I’d Rather be Caught Dead Than Caught with a Ferro Rod

“I’d rather be caught dead than caught with a ferro rod!” That was the comment I made to a fellow instructor this past weekend. To him, however, it came as no surprise. He knows I have a rather oblique and critical view of the survival industry. “It’s not that I think the ferro rod doesn’t work,” I said. “It works well for what it is and is a great bushcraft tool. The problem I have with it is it’s billing. It is billed as the ultimate emergency fire starting tool. It creates the mind set of the be all end all of fire starting when in reality it violates my basic tenet of survival—Can a five year old do it?”

He listened on in silence as we walked down the trail. I can only think he was thinking, “Oh boy, here goes Alan again on one of his wild rants”

“You know, Rob,” I said. “I’ve run thousands of students. And every time I do a fire making workshop I have students show up with some sort of ferro rod. Most of the time, they’ve never used one, but still carry one in their kit. So, as a teaching opportunity, I have them pull it out and use it without any direction from me, and about 95% of the time they fail to get a fire going with one. So I ask them if that is something they really want to place their lives on, or would it be much easier to use a lighter? Of course, you get that aha moment from people as they realize a lighter is much easier in a survival situation”

Rob chuckled as he looked at me and nodded in agreement and blurts out, “You’re so right. I tell people that all the time. We’ve become a society so brainwashed by commercialism and advertising it affects common sense.”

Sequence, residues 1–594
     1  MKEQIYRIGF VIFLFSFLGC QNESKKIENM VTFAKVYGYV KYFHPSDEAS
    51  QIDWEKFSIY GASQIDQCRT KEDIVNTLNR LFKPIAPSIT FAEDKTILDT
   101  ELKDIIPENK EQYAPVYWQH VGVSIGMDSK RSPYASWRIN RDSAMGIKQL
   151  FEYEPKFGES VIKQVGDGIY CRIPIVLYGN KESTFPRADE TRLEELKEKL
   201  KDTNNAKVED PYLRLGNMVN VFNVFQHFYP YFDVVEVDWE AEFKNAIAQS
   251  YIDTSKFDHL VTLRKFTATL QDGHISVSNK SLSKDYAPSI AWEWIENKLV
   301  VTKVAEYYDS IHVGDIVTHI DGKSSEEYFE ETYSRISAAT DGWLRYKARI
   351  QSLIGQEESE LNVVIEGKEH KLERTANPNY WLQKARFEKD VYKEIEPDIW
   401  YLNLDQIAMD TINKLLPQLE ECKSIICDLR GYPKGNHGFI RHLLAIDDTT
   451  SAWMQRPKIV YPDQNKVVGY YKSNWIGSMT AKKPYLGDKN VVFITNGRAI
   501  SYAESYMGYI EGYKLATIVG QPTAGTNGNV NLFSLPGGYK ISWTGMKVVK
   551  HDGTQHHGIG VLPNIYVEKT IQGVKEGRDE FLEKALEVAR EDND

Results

“Rob, when I do a fire making class, I lay out various methods of starting a fire in a line,” I said, “From left to right it is road flare, lighter and matches, steel wool and battery, ferro rod, bow and drill, and hand drill. I tell the students when it’s go time and things are desperate you start on the left. When you want to have fun, you start on the right and make your way left. When it comes to the ferro rod, industry and business has blatantly lied to the populace. The inexperienced don’t understand the relationship between tinder and technique—The better your tinder is the worst your technique can be. The better your technique is the worst your tinder can be. So what message is the industry, as a whole, giving? They’re deceiving the inexperienced, filling their heads with BS regarding what they should carry for survival.”

By this time, Rob was really having a good time at my soap box moment, but he looked at me and completely agreed. “These companies are selling things they don’t have the faintest idea how to use, and they expect everyone else to know how?” he said laughing.

“And that is why I would rather be caught dead without one than ever caught using a ferro rod for survival. It’s a matter of principle and has nothing to do with my ability, or lack thereof, in using one.” I said.